valve should get stuck and refuse to spin.  

- Step 3: rebuild, replace valve seal & test for leaks
When you think you are done, reassemble all 4 valves the way you
found them, remember to replace rubber valve gasket seal things
w/new ones ($2 ea.), place old spark plug in hole (tightish) and place
whole thing upside down and fill w/gas, watch for leaks in both ports, if
it does not leak within a minute, you are done. Lube all w/heaviest oil
possible, I used 90w transmission oil.

---------------------------------------------

9) New rings
Hit w/rubber mallet/pull up mid-top end cylinder section to expose
piston, place cotton rags or plastic in engine hole to keep dirt out.

Check cylinder walls for damage (scratches) or glazing (blueish,
overheated, glass-like finish). Check piston for damage, you can only
replace rings IF both piston and cylinder walls permit, specially piston.
If piston has no damage and old rings come out easily then you are in
luck(see clymer manual for removal instructions, rings are very fragil!)  
remove piston from engine by removing ONE of the o-ring tensioner
thingies that hold the inside rod in place, then slide rod through there
and piston is now free.

Clean but DO NOT remove carbon deposits on piston top, you need it,
remove only excess crap (see manual).  
   
Take cylinder head and piston an place in table, insert new #1 ring
in cylinder alone and push down EVENLY w/the help of your piston,
once inside you must measure your wear limits (in clymer manual).

Now test ring #2 (they are marked), if all is within limits (think heat
expansion) then you can install new rings, learn how to correctly install
bottom "oil guard" rings and top rings, see manual. Position all 4 rings
at 3 o"clock, 9 o'clock, 6 o'clock and 12 o'clock respectively to
minimize oil/exhaust gas/chamber/crank case contamination.

Lube well cylinder walls with thick oil (I used 90w oil), connect piston
w/engine (lube), piston has an arrow on top, this arrow must point at
front of engine, put new engine head gasket in place,carefully
assemble cylinder head and manually press rings one by one as piston
goes back into cylinder.
 

Place next head gasket into place, connect top of chamber and tighten
head with the 4 large nuts torqueing in "X" pattern, don't forget
the 2 extra side screws (upside down, at front and rear of head)
And don't forget to place front timing chain slider guide into place
before closing head.

---------------------------------------------

10) World famous savage plug leak
There are about a million threads on this, follow either one,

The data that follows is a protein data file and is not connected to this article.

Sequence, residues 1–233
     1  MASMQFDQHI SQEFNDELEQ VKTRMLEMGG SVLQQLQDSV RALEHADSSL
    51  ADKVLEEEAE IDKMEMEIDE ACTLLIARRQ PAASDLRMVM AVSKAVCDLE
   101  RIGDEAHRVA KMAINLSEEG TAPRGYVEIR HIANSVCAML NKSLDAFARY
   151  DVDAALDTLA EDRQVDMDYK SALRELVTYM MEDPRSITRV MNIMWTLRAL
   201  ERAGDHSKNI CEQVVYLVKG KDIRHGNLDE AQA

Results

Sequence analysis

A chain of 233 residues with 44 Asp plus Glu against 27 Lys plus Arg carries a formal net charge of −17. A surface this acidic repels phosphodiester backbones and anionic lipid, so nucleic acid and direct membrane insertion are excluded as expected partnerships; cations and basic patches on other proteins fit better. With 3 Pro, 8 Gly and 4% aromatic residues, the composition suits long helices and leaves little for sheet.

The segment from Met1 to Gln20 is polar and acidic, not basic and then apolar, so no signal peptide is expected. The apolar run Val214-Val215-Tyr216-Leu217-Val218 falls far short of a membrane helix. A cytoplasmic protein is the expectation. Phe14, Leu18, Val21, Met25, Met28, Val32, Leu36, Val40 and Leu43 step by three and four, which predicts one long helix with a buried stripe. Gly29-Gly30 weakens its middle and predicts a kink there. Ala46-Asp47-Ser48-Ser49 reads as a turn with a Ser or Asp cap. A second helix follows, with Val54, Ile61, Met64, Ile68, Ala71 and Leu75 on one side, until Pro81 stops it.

basically GET A NEW PLUG and after assembling head, clean
area: no grease, no old silicone, no nothing (use gas and wire
brush wheel if you wish) use silicon to install new plug (see
before/after picture I took) and let area dry as log as you can,
maybe 48hrs if possible.  Also use extra silicone patch under plug
w/finger, work in ventilated space, that thing is nasty.


-----------------------------------------------
|| PART 3 : putting bike back together ||
-----------------------------------------------


12) Reverse whole process, use logic, use the manual,
any questions let me know.


I did not hone the cylinder, I decided to use heavy oil on cylinder walls
and other parts before assembly and I used this method (see under) to
break-in rings and hone walls at the same time, it worked.
The theory is to run and overheat the engine for a while under a
controlled environment, so the rings expand and scratch the cylinder
walls a bit and the rings break-in against it, then change the oil, repeat.
All this to insure future compression and prevent glazing.  
This is the break-in method I used:
http://www.aircooled.net/gnrlsite/resource/articles/engnbrkn.htm


Random tips:

Use good hi-temp silicone.
Recharge battery at low amps (2A) for 8 hrs, control acid levels.
Use torque meter or logic/feel, better a bit lose than a broken bolt.
Lube EVERYTHING, even bolts and nuts before assembly.
Use "X" pattern to tighten all.
Most bolts and nuts still go 1/3 more turn after they get hard
Replace all head gaskets w/new ones.
Side covers may be "siliconed" carefully (watch the oil veins).
Better too little silicone than too much close to inside areas.
Good time to check/adjust decompression valve thing.
Good time to grease all control-cables, use 2 syringes, one w/oil
and one w/gasoline, a few squirts of gas after the oil help the oil
slide until end of cable.  
A good time to check/grease your gear lever mechanism.
Timing must match w/timing chain marks & TDC piston.
Be clean, be organized, be patient, have fun.

---------------------------------------------
---------------------------------------------
---------------------------------------------

You're done!


**Anyone may correct, advice, detail and/or
complement all or any part of this walkthrough.
Good luck too all.
C'ya

Richard P.
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Re: omg! new rings+valves+plug (w/pics + walkthrou
Reply #7 - 06/18/17 at 09:51:20
 
Is there anyway you could reupload these images? The walkthrough seems super helpful, but having those pics would alleviate a lot of my engine rebuilding fear. Thanks!
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Re: omg! new rings+valves+plug (w/pics + walkthrou
Reply #8 - 06/19/17 at 04:11:15
 
Robb+:

Stimpy hasn't been on this forum in more than 3 years.......he likely will never see your request and is even less likely to get the photos back on the forum.  A lot of the information on this forum gets lost as the format changes on the photo hosting sites like Photobucket, TinyPic, etc.